"Ultimately councils have to take a long-term view. Some have clearly decided that increasing council tax is one way of meeting current costs and alleviating pressure in the longer term.

"Councils are fully accountable to their electorates for these decisions."

The Conservative leader of one council putting up tax - Canterbury City Council's John Gilbey - told BBC Radio 4's Today the government subsidy was for a limited amount of time.

This meant, he said, that when the extra money to freeze council tax ended, "you're still losing that permanent element of a tax base".

He added: "Don't forget we've got no compensation now, ever, for inflation. Our services, cost of services are going up, we're determined to keep a high standard of those services as long as possible, and also, in the end, to keep services going."

Asked about being a "democracy dodger" by increasing council tax by just below the 2% trigger for a referendum, he said that holding such a vote would cost up to £200,000.

He questioned why the government set the 2% trigger level if they were not happy for councils to go up to that figure.

 

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  • rate this
    +3

    Comment number 548.

    Personally I wouldn't object to paying a little more but there is so little detail about what they spend it on why should we pay more.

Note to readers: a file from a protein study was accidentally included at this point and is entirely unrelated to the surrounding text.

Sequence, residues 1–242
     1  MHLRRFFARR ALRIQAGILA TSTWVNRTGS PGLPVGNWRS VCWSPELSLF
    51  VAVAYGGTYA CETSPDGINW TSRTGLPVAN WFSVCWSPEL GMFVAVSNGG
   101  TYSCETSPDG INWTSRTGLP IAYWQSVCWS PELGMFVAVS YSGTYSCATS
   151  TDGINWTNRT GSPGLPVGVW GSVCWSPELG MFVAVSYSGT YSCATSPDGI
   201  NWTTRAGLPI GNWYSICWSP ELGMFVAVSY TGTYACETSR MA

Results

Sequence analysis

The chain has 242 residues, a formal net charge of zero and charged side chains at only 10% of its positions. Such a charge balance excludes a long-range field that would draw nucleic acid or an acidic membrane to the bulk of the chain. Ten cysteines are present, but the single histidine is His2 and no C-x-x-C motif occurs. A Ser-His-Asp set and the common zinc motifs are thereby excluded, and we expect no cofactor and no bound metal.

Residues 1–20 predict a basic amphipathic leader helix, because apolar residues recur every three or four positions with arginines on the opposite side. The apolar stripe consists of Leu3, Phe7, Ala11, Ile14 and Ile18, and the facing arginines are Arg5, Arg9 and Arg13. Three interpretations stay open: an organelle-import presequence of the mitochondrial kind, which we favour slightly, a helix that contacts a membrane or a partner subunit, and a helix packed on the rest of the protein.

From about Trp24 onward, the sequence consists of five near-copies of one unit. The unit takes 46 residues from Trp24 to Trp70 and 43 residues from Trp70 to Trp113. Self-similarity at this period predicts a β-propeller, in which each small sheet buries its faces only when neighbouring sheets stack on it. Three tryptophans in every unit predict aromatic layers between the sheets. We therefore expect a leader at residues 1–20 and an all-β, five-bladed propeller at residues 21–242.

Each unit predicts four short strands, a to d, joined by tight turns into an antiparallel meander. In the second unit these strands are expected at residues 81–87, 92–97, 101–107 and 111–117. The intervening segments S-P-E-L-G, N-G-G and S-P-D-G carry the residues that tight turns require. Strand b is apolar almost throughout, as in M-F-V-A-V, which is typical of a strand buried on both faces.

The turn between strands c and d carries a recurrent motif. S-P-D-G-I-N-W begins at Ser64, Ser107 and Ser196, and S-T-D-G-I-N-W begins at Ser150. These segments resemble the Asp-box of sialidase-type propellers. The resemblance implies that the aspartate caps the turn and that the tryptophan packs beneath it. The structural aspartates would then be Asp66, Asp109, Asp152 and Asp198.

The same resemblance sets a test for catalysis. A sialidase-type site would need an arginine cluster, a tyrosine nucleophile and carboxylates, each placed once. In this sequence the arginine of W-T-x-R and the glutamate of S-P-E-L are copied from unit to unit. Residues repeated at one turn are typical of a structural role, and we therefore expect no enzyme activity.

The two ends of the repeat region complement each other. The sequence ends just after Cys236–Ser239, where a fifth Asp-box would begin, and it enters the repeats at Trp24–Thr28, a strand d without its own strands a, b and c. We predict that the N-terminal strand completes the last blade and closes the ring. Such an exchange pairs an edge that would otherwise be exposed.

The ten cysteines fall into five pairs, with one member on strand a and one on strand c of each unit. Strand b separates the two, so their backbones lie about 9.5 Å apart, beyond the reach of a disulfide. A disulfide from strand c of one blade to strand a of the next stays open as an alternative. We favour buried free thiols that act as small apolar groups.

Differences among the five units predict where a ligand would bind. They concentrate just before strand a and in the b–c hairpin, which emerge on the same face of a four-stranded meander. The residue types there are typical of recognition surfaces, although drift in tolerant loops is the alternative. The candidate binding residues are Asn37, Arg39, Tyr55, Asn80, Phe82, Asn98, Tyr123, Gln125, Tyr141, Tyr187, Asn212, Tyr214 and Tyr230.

Zero pay rises for the public sector employees earning over £40K for the next 5 years.

    Make their pensions career average, not final salary.

  • rate this
    +8

    Comment number 545.

    Local councils ,like national government have completely lost touch with reality since the days of uncontrolled expenditure during the past decade.Overpaid staff with massive public funded pensions leave he average worker struggling to make ends meet, local tax rises will squeeze the good and honest worker even further.
    Life ain't fair and never has been.

  • rate this
    +13

    Comment number 377.

    I don't mind paying for things when I know what I am getting. I want more transparency on what is spent.

    I suspect that much more is paid for goods and services than is necessary.

    I also want to know how much they fail to collect..if I am paying I want everyone to pay.

  • rate this
    -19

    Comment number 161.

    Council Tax should be paid by the owners of residential properties, not by the tenants. The standard of local services is intimately linked with the value of residential property, so this is yet another tax on the poor to reward the rich.

  • rate this
    +78

    Comment number 129.

    I wonder what we would unearth if ALL councils were made to publish each and every item of expenditure so the taxpayer could see where their money goes. And I mean everything, right down to the last paper clip. Make them have the culture shock of at last having to be responsible for their actions just as we have the shock of paying for their incompetent way of running a business.